The card said that you were sorry to miss me, but this has left me somewhat confused as I was sitting here all along and the doorbell didn’t ring and neither did my phone. So, how was it that our paths didn’t cross?
    Could it possibly be that your driver is a kampanaphobia sufferer and won't touch doorbells? Maybe she / he was standing at my door in the midst of a panic attack, hyper-ventilating, hoping I’d hear the heavy breathing and know that it was the driver.  If this was the case, then may I apologise for missing the signs. Had I heard them, I would not only have signed for the package but also offered the driver a cup of tea.  May I suggest, however, that deliver driver is perhaps not the best line of work for a kampanaphobic. 
    Could it be that I missed the smoke signals the driver sent to inform me of his/her impending arrivals? If so, again apologies for missing them but if you are communicating by this traditional technology, please could you at least send me a text to let me know the signals are on their way? 
    Maybe the driver was using telepathy to let me know he / she was on my doorstep, with my package under his /her arm, waiting to greet me with a cheery good day. If telepathy is your chosen means of communication, then let me apologise again for not being practised in the art and let me inform you that although telepathy is indeed a cheap way of communicating, it is not entirely reliable (although better than the Vodaphone signal in this area) so maybe you should the nationwide roll out on hold until more tests are done.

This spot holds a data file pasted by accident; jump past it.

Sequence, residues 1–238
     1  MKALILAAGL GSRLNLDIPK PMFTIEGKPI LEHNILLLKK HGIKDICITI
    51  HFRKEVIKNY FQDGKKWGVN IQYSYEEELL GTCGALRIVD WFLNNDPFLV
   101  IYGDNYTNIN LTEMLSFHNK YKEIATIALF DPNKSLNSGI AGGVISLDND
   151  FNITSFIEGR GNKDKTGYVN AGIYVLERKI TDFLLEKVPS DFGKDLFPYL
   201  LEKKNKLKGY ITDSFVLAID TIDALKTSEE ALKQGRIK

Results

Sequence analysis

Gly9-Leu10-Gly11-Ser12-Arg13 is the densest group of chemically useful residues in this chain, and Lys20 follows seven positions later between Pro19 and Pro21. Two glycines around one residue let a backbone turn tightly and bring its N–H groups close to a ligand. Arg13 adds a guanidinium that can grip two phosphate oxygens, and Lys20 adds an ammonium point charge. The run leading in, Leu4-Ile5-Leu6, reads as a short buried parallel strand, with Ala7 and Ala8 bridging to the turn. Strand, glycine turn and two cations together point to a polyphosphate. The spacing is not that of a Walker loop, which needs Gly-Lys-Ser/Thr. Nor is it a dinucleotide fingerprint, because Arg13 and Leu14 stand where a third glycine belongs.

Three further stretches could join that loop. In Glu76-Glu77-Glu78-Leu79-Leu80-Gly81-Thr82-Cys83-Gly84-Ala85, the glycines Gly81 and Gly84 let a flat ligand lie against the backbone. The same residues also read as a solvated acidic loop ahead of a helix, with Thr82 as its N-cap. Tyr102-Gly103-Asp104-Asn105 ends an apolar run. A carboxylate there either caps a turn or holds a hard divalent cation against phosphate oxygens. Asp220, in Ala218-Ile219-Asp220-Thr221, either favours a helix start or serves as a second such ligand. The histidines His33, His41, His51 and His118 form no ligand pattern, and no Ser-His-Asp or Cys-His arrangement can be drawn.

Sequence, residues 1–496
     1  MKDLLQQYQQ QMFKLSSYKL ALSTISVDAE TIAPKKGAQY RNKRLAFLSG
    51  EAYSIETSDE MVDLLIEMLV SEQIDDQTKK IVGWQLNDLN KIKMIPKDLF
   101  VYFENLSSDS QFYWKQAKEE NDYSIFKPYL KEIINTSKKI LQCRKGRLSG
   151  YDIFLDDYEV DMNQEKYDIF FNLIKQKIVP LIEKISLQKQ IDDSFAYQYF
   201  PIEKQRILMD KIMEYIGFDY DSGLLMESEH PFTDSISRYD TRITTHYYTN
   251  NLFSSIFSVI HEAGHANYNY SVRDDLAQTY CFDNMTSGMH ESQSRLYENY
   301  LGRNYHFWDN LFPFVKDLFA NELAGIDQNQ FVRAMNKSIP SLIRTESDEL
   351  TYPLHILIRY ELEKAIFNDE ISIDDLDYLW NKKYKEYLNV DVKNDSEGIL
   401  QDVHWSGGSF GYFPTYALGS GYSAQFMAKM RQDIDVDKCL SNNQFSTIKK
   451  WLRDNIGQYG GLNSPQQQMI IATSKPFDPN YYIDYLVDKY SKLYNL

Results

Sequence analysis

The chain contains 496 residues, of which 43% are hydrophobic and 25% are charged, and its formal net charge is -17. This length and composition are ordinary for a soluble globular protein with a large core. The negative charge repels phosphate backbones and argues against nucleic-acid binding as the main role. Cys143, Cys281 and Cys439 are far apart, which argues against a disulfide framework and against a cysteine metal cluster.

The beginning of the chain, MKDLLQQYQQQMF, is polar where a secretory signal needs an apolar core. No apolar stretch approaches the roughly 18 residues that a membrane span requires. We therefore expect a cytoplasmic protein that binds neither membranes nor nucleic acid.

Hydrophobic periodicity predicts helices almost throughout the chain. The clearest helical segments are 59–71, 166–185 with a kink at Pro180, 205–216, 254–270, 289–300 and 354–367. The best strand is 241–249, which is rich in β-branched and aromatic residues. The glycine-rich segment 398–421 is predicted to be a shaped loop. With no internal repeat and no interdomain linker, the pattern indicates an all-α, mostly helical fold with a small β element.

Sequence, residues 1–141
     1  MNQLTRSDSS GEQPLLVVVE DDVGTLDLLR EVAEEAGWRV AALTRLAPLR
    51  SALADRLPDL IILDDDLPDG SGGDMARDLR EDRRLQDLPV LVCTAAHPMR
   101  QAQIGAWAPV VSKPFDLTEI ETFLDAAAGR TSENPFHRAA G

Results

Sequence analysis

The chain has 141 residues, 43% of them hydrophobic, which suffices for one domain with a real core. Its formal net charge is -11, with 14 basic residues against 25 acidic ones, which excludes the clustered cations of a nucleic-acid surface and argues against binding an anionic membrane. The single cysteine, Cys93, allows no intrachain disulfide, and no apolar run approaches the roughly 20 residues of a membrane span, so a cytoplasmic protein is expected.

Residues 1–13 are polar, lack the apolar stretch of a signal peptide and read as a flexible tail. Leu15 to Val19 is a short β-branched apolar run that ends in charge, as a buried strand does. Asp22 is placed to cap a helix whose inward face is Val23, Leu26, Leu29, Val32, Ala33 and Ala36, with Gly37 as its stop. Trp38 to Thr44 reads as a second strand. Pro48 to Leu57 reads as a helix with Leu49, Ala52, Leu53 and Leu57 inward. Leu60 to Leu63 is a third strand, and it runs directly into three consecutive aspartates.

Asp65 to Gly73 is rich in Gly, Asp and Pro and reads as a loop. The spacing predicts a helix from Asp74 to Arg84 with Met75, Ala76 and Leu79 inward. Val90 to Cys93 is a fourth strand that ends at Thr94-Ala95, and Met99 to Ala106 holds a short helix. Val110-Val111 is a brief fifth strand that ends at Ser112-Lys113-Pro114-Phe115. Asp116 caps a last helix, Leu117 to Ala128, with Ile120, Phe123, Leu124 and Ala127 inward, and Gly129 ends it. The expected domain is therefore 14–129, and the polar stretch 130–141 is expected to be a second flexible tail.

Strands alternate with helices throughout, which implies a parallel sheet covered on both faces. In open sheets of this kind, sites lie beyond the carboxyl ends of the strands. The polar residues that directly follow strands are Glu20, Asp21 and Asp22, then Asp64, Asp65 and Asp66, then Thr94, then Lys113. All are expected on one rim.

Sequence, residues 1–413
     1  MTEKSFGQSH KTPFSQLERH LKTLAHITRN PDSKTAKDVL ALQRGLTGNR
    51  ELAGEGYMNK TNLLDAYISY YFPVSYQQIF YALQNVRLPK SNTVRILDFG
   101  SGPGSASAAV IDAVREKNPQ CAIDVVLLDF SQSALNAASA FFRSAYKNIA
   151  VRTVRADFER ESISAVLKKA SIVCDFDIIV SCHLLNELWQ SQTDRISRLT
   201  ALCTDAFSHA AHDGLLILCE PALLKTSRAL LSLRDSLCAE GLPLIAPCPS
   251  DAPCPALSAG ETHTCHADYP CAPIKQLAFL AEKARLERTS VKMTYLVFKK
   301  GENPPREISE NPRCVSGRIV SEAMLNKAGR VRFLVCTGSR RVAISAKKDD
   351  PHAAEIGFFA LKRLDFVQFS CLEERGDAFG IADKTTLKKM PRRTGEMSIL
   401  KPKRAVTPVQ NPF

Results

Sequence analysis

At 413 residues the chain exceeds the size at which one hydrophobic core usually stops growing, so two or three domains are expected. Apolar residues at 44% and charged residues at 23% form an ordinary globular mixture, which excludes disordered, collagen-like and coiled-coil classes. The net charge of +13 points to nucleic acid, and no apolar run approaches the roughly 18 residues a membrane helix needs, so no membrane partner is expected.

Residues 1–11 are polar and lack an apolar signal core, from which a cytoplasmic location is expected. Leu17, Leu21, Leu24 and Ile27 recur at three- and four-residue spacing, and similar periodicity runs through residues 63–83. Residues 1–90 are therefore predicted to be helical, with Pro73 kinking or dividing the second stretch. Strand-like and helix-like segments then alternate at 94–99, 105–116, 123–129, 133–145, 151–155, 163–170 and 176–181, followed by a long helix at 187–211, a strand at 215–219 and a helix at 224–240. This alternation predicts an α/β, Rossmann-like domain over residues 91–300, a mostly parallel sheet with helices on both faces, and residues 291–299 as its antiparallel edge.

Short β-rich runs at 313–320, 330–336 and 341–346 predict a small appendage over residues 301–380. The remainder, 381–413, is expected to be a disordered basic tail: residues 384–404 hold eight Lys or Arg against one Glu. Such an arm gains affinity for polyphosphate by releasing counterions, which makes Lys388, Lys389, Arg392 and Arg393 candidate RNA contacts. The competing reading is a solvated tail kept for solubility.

I am hoping that one of the explanations outlined above is true because I would hate to think that the driver on a zero hours’ contract is not delivering things on purpose to ensure that there is work for them the next day and thus ensuring  he / she could feed their family another meal.